Forget Ron Washington. The Problem With This Rangers Team Is Its Pitching Rotation.
Baseball and Twitter don't blend. They're 5W-30 motor oil and vitriol. And despite vitriol sounding like a magical elixir that might cure headaches and anxiety all at the same time, the fact is that these two items will never combine to form a stable concoction.
We can force it as best our Internet savvy allows, but the facts remain: One is a six-month (or seven, if we're lucky) psychological warfare that assaults the very concept of patience; the other is
an information superhighway the Wild West of the Internet, where dog faces communicate with cartoon faces in real time, like a central nervous system reacting to a strained muscle.
(Oh, and let me profess something before it's assumed that I'm simply judging here: I'm the worst when it comes to Twitter. Seriously. You can find more preachy bullcrap like this on my own Twitter account.)
Here's my point: The fulcrum for much of the Texas Rangers talk on Twitter is Ronald Washington. Wash, Old School Brother, CigaRon — whatever you want to call him — is the lightning rod.
There's a genuine belief out there that Blake from Grand Prairie (sorry to all you Blakes out there) understands the game of baseball better than a man that broke into the major leagues the same year that the original Star Wars was released. That's always made me uncomfortable. The truth is that baseball is largely luck. I'm sure you didn't want to hear that, but I've made, like, 25 keystrokes since then, so there's no turning back.
Why is it so difficult for us, as fans, to respect Ron Washington? We've made it effortless to demean the guy in recent years by turning him into a cartoon character — both figuratively and literally. The cigarettes in the dugout don't help. Neither does the whole cocaine thing.
But the concept that always goes understated is that baseball players are not like you and me. We don't relate to them. We can't: The typical baseball player is a degree-less millionaire that's spent the majority of his waking hours in a confined space with other man-sized little boys.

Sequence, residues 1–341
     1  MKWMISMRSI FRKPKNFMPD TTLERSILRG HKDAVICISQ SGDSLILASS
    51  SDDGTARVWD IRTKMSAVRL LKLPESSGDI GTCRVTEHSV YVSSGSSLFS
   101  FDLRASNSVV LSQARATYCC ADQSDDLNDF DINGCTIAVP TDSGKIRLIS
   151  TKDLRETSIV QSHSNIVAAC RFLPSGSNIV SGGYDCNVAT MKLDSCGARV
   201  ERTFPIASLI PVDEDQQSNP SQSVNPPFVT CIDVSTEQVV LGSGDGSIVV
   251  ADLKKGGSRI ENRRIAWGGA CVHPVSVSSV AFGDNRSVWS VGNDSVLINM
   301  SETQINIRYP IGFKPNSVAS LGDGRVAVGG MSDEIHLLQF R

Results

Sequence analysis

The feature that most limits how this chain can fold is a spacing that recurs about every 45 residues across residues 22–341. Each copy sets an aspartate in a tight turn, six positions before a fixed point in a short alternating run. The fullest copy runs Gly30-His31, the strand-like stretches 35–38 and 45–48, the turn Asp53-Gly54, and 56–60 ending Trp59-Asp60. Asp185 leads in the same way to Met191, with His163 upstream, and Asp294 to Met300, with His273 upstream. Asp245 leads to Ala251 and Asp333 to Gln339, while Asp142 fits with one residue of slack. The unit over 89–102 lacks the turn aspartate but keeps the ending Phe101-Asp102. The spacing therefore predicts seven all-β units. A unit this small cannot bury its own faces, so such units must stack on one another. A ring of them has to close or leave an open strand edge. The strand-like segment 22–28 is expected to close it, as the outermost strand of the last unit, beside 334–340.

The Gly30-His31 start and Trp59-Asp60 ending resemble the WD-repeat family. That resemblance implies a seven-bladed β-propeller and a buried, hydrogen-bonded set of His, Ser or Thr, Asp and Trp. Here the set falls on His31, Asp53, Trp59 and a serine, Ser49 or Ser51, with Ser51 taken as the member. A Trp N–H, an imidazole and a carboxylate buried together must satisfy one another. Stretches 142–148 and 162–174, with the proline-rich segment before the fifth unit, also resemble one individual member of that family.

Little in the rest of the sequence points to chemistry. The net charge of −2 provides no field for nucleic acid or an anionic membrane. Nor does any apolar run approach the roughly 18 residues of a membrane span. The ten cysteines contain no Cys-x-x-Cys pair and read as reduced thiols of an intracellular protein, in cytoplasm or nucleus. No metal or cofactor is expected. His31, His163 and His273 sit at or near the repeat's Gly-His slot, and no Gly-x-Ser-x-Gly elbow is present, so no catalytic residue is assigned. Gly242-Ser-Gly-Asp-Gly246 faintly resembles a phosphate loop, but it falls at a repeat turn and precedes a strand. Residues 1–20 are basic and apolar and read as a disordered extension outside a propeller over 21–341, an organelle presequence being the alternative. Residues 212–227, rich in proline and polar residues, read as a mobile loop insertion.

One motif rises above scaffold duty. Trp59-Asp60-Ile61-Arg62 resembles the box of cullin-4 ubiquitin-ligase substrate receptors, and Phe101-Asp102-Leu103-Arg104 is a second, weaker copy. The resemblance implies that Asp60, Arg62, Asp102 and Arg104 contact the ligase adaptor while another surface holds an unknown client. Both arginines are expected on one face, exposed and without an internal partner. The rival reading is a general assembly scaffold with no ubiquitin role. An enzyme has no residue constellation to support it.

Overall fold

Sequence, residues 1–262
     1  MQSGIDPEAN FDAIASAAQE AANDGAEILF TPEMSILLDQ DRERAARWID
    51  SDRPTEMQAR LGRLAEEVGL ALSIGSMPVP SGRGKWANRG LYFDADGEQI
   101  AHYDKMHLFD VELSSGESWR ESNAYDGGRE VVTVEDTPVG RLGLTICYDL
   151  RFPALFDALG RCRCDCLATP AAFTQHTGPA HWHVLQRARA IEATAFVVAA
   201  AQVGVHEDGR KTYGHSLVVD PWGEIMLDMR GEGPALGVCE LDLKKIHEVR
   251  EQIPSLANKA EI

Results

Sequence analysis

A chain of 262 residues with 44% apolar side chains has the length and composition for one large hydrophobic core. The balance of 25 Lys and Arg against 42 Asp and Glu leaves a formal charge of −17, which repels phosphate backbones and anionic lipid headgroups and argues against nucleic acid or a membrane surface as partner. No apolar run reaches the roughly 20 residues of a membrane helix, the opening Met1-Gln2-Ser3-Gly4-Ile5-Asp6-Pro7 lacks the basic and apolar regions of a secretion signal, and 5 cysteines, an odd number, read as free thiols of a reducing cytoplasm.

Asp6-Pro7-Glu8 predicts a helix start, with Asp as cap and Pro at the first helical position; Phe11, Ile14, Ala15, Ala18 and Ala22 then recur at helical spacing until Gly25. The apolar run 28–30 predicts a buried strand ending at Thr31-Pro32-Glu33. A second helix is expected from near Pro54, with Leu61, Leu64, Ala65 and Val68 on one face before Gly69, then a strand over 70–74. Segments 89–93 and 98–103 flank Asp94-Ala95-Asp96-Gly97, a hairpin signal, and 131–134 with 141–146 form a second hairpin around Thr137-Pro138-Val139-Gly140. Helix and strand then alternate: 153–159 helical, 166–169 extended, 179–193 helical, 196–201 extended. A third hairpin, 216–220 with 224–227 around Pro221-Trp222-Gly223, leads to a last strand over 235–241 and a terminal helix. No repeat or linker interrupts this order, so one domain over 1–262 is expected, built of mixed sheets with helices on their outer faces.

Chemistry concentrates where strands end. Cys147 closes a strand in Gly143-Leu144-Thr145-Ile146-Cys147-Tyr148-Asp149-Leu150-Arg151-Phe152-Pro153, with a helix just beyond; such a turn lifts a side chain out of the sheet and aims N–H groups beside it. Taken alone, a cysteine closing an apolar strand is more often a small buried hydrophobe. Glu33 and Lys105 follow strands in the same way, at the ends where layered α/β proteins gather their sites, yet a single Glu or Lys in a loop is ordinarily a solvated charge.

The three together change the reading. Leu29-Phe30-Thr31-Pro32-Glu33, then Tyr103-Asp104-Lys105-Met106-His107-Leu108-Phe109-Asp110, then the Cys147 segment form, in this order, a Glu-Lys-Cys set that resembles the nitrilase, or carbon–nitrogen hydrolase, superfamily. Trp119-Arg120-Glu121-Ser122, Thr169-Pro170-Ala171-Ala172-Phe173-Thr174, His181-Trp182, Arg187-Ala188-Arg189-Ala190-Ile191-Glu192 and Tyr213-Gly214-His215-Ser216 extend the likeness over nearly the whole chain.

They're not dumb, no. But they're also not the most mature human beings that you'll stumble across.
If Ron has a way of getting the best out of these guys in the face of the six-month torture chamber that they're carted through annually, then I don't care if you don't agree with his decision to have Elvis Andrus bunt in the third inning of game 123 because it's genuinely a strategy that he believes will help his team win this game. If you want your face rubbed in some mess of straight bunt facts, Robert Pike wrote an interesting study into what bunts mean to an offense last week. It basically says that bunts are good. Or, at the very least, that they aren't harmful.
So let's all agree to attempt to appreciate Wash for at least the first couple months of this coming season. If you're still angry at him then, I've really done all I can do, and that's just on you as a person. You'll be forgetting the fact that we're at a really good place as an organization and that Wash is a big part of that. I certainly haven't forgotten the 70-win seasons of the early 2000s. And we can all agree that baseball is zero fun when your team sucks and it's 400 degrees out.
You want to bitch about something on Twitter as the Rangers head into the 2014 season? Try the pitching staff, which maybe isn't as stable as everyone is pretending it is.
Look around the league right now. It's all puppy dogs and ice cream. Every team in major league baseball is planning — or at least hoping — to have its pitching rotation intact by the time the playoffs come around. But that never happens. Consider this: If you're a top 10 team in baseball, and at least four of the five guys that you have penciled in for 30-pus starts at the beginning of spring training actually make 30-plus starts, we'll pretty much see you in the World Series. Really. It is that simple.